Amy’s ’06 VW Passat has been in the shop 106 of the past 141 days. After the engine broke down on a road trip and needed replacing, VW replaced it, but broke the transmission. When they replaced the transmission, they broke an axle. When they fixed the axle, the car started leaking oil worse than the Valdez. All Amy and her family want to be able to do is drive their car around like normal. So far, that’s not happening, and VW’s only offer of contrition has been to waive one car payment and $250 in services. So Amy launched her EECB, complete with a graph of how long VW has held her car hostage:
“On September 3, 2009 my family and I left our home in Acworth, GA in our 2006 Volkswagen Passat and set off on the 500 mile journey to a family reunion in St. Louis, Missouri. About halfway through our trip the engine in our Passat failed. It was towed to the Hallmark Volkswagen dealership in Murfreesboro, TN. They determined that my engine needed to be replaced and that repairs would be covered under my VW Manufacturers Powertrain Warranty.
This began a series of most unfortunate events .when VW installed my new engine they broke my transmission…when they installed the new transmission they broke my axle. After fixing my engine, transmission and axle they returned my car to me, but it began leaking massive amounts of oil a month later. It is now at the Jim Ellis Volkswagen dealership in Marietta, GA. Repair attempts on the new engine were unsuccessful so ANOTHER new engine is currently being installed.
To summarize my VW experience:
September 3, 2009 – Engine failed, car taken to VW
September 25, 2009 – Husband drives 3.5 hrs to pick up “fixed” car, drives two blocks and the car breaks down. Car goes back to VW.
** VW tells me that when they fixed my engine they broke my transmission. So they ordered a new transmission.
** VW then tells me when they fixed my transmission they broke my axle. So they ordered a new axle.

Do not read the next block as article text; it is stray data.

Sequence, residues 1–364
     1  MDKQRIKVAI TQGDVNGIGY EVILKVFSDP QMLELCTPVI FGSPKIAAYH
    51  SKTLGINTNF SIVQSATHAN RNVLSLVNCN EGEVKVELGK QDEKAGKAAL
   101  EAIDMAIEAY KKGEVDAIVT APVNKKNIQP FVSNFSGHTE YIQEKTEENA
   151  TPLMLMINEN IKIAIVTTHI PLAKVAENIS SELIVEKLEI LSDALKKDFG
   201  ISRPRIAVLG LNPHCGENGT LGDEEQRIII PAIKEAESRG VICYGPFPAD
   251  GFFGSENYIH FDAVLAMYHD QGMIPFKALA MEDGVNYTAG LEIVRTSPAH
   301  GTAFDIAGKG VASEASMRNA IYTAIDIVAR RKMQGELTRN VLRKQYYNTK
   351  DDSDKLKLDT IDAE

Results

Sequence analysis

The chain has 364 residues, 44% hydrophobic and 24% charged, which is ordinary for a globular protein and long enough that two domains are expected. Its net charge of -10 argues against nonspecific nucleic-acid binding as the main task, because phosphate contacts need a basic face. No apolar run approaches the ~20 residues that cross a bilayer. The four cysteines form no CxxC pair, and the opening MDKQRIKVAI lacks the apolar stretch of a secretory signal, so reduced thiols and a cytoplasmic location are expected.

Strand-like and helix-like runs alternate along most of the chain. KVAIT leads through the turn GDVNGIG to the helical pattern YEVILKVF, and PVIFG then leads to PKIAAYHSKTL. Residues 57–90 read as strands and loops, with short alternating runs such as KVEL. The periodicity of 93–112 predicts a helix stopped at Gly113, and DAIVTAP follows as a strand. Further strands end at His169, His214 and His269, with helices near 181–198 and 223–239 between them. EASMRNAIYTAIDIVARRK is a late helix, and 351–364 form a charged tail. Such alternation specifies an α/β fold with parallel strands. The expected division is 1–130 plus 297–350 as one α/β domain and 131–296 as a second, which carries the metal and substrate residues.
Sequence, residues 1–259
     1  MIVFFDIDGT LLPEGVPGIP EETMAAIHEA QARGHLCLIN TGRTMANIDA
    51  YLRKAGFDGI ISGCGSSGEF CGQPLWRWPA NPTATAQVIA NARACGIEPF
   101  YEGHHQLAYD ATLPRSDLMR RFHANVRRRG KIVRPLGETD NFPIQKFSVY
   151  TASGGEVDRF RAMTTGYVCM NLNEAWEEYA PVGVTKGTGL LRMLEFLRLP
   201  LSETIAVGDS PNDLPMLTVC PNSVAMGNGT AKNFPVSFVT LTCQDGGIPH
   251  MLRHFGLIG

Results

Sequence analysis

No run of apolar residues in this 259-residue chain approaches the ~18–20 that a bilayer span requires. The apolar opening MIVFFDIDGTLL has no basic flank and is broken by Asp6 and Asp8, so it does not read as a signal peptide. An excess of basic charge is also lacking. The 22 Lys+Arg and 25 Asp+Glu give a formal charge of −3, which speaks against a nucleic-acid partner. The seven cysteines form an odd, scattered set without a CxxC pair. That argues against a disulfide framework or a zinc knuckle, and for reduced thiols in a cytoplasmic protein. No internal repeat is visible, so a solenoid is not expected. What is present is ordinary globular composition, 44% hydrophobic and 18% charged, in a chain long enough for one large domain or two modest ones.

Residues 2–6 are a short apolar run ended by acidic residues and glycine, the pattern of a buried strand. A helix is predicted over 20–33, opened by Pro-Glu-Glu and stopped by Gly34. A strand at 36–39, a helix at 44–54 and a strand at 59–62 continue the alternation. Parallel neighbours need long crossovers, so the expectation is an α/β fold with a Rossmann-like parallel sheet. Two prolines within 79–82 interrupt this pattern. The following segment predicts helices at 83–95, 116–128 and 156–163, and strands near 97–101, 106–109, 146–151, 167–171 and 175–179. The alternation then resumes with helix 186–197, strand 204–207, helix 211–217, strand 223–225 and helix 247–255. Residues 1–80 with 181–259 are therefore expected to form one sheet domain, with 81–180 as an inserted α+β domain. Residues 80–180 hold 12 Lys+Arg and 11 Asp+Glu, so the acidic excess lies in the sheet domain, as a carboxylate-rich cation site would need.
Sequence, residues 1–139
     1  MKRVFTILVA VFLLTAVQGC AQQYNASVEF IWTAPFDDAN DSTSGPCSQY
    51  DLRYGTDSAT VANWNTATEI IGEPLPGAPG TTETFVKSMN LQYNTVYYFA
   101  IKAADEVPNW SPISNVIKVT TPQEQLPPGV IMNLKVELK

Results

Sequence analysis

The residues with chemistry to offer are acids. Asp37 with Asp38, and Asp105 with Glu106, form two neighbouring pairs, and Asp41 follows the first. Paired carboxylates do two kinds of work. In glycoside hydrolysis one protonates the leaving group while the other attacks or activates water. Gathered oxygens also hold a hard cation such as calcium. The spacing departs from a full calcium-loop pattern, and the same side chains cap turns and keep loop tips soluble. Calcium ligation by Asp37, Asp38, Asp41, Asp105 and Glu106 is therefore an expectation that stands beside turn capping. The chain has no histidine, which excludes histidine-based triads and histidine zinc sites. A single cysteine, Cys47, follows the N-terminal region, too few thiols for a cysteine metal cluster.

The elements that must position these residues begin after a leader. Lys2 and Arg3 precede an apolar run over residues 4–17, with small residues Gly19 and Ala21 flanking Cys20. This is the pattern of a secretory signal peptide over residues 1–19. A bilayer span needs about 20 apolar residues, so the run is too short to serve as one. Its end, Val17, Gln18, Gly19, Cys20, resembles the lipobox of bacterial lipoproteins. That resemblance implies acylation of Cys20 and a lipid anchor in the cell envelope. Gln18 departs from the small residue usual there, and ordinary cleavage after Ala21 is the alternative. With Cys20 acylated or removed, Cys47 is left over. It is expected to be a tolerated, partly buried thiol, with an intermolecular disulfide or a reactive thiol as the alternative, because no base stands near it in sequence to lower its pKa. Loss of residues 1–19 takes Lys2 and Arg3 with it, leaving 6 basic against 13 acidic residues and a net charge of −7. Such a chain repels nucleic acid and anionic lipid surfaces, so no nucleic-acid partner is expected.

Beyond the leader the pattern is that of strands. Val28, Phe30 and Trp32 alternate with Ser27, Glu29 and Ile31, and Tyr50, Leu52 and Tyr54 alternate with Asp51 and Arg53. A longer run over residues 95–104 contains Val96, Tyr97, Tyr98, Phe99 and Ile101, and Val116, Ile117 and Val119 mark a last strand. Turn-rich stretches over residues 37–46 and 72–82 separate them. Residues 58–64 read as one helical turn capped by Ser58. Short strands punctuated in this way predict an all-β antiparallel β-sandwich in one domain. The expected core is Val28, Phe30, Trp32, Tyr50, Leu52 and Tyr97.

October 22, 2009 – The engine, transmission and axle were fixed and VW returns my car to me.
November 27, 2009 – After having my car for about a month it begins leaking massive amounts of oil. Car returned to VW for repair. Over the next eight weeks attempts are made to repair the engine but those attempts are unsuccessful. VW tells me they’re in the process of installing another new engine.
January 22, 2010 – still no car .
As of today my car has been in a VW dealership shop for 106 of the past 141 days. That’s almost a third of a year! Two engines, a transmission, an axle and 106 days later my perception of the safety of this vehicle has been compromised. Additionally, the value I ascribe to it has been greatly diminished. I am seeking your assistance in finding a mutually agreeable solution to this problem. The waiver of one car payment and $250 in services I was offered by my Regional Case Manager (case #redacted) is unacceptable.
Thank you in advance for the effort you will invest into restoring my loyalty to the Volkswagen brand.
– Amy M.”
Can VW just fix her car right for once? I like Amy’s EECB because it is clear and focuses in on the key details. The one thing I would say though is that you need to make clear what deal you do think is acceptable. They made an offer, now you counteroffer. Otherwise you’re making them negotiate against themselves and no one likes to that, and it makes for wrangling when you can put something concrete out on the table.
Hopefully Amy won’t have to make a series of hilarious complaint videos like Freya Svensson, the singing Swedish mother and Volvo owner, just to get the attention she deserves.
Perhaps a small claims suit under Georgia lemon law is in order.